Wednesday, September 01, 2010

1.9.10 ~ 970 word diary (yes it's long, but there are pictures at the end)

Having talked this morning in counselling about how (throughout my childhood and into my teens and beyond) my parents routinely gave me nonsensical reasons why I couldn’t do something, particularly if it meant going out, either with or without them, to do something that wasn’t planned or anticipated by them in advance, and how it ruined most of my summer holidays growing up and probably instilled a sense of unfounded anxiety about the outside world within me, I was even more aware than usual of any tendencies I might have to do that with Jake. So, this afternoon, when he was crying and asking repeatedly to be held (Cuggle now, cuggle now) – much longer and more persistently than usual – I let go of my plan to get him to fall asleep during our walk through Walthamstow marshes and got him out of the pram and cuddled him. Nap times have been difficult to predict anyway lately. Some days he hasn’t napped at all. Other days, he’s had shorter naps than usual. And all at different times. Just yesterday I’d been preparing myself for the fact that he might be dropping his naps altogether and then he dropped off for an hour and a half.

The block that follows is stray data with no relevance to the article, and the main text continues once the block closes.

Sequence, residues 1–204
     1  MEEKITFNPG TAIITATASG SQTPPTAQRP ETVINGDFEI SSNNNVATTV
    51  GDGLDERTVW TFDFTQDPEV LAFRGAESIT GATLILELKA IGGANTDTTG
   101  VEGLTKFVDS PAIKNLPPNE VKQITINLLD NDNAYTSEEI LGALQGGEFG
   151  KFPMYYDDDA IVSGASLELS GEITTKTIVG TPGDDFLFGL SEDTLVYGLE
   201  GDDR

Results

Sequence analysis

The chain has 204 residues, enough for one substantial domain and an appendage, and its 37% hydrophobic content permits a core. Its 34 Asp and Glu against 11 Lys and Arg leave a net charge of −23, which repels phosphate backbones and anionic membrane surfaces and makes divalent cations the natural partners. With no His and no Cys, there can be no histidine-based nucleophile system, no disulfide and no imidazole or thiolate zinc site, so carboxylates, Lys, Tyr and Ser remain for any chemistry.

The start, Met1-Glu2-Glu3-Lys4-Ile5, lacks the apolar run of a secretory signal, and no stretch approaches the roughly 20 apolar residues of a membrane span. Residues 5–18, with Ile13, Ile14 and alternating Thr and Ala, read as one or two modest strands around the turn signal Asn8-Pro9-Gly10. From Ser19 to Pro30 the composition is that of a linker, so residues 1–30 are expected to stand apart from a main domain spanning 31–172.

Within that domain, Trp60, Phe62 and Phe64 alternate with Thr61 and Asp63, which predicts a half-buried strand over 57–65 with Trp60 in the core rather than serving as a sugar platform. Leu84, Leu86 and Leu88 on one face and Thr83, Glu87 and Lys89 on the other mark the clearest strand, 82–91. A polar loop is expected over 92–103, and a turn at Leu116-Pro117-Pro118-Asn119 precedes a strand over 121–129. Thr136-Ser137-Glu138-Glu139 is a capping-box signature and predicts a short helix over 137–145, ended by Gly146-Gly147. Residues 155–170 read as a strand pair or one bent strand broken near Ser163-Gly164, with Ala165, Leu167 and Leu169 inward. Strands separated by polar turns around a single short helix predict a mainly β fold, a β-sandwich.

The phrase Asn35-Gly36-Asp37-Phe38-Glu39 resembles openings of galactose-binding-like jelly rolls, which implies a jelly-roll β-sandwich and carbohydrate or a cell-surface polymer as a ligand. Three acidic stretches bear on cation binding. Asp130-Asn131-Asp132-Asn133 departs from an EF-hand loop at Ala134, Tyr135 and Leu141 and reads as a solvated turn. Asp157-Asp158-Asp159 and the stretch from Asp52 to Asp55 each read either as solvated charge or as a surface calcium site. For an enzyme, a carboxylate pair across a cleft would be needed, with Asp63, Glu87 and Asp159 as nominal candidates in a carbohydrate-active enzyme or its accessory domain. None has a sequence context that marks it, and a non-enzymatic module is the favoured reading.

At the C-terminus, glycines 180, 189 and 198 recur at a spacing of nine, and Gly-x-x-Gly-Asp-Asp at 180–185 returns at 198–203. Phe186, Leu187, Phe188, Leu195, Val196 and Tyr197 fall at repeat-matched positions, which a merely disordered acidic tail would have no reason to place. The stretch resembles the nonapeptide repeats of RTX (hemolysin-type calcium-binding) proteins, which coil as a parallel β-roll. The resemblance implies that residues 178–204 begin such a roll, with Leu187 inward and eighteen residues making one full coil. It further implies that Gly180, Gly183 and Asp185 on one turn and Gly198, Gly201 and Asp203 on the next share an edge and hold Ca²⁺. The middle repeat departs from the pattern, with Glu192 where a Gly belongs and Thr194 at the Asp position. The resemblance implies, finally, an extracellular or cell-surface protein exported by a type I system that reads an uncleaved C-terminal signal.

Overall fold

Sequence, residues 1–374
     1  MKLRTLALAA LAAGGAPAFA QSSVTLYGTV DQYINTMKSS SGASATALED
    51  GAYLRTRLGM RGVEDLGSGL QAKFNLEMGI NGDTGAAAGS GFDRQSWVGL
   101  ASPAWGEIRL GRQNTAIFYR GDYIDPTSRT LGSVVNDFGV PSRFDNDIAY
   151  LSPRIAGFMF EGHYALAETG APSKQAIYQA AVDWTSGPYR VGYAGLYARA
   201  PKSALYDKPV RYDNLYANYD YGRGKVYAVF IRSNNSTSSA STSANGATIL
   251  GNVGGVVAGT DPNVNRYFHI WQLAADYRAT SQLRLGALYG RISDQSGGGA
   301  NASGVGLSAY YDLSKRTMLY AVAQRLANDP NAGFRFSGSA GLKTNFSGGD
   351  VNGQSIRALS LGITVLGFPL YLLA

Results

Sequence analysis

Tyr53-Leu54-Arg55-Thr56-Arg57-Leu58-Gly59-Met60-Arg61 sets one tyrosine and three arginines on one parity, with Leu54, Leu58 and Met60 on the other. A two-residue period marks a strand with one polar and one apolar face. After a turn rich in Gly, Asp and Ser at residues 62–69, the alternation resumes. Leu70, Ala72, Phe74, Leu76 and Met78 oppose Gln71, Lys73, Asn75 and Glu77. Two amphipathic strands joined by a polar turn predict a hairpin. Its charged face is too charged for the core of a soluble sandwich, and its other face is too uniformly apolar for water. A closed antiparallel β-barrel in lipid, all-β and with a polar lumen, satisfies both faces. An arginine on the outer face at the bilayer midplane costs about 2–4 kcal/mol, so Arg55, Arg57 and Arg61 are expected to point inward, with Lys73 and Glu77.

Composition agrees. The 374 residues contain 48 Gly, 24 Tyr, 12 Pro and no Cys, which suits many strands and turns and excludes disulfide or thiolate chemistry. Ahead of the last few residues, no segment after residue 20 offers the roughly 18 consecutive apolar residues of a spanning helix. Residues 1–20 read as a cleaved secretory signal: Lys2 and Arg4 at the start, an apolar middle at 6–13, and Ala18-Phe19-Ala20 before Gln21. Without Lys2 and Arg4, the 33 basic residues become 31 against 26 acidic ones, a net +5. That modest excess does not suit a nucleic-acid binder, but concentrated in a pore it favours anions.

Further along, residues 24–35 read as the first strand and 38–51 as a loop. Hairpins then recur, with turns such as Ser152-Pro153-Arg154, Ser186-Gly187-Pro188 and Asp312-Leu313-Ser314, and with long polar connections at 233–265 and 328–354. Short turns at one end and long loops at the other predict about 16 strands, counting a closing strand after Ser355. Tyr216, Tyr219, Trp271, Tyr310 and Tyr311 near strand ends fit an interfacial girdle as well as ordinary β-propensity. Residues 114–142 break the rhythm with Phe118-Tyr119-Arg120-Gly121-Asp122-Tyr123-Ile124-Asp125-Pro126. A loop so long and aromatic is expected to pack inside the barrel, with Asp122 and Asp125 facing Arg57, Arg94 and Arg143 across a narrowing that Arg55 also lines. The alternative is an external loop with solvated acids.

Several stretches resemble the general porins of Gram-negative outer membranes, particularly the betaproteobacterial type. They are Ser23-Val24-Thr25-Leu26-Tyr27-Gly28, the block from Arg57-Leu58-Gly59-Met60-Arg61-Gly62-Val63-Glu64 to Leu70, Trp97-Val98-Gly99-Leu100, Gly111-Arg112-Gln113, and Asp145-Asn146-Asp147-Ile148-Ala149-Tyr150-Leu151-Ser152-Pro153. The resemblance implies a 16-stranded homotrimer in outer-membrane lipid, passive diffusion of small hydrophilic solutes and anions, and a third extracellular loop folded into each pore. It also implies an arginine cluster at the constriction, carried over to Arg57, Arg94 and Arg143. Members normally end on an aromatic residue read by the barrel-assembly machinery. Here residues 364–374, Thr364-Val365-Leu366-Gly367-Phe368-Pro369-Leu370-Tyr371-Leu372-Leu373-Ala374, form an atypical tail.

Lately he’s also been wanting to be held a lot more, both at home and when we’re out and about. So much so I’ve been wondering whether I should start using the sling again, dodgy back or not. And lately when I’ve taken him to nursery, he bursts into tears as soon as we get to the entrance. Sometimes he even starts whimpering as soon as we turn left as we leave the house. This morning he was crying well before we got there and when we did get there, he cried harder and kept saying, “Mummy now, mummy now.” It’s the only time I can’t make it better. It’s the only time I walk away, leaving him in tears.

So, when I stopped the pram and we sat on the pavement and I thought about why I needed to get him to sleep by a certain time or why I felt we had to head back home by 2pm, I was aware that these timeframes came from something inside me – a belief that if things went according to these timeframes, then they were controllable and I wouldn’t feel so overwhelmed. And then Jake interrupted my thoughts. He was busy pointing up at the sky and saying “Wow!” and seeing dragonflies and airplanes and birds and asking me, “Mummy happy now?”

Structure is important. Trying to get them to sleep when they’re tired is important too. But I don’t want to be dogged about it. I don’t want to be inflexible. Most of all, I don’t want to act out of fear.

So I let the day be what it was. The 1st day of September, but still late summer. If he was older and going to school, it might be the last day of his summer holidays. As it was, we were both free. We didn’t have anywhere we had to be. No obligations. Paul wasn’t even going to be home till way after Jake’s bedtime.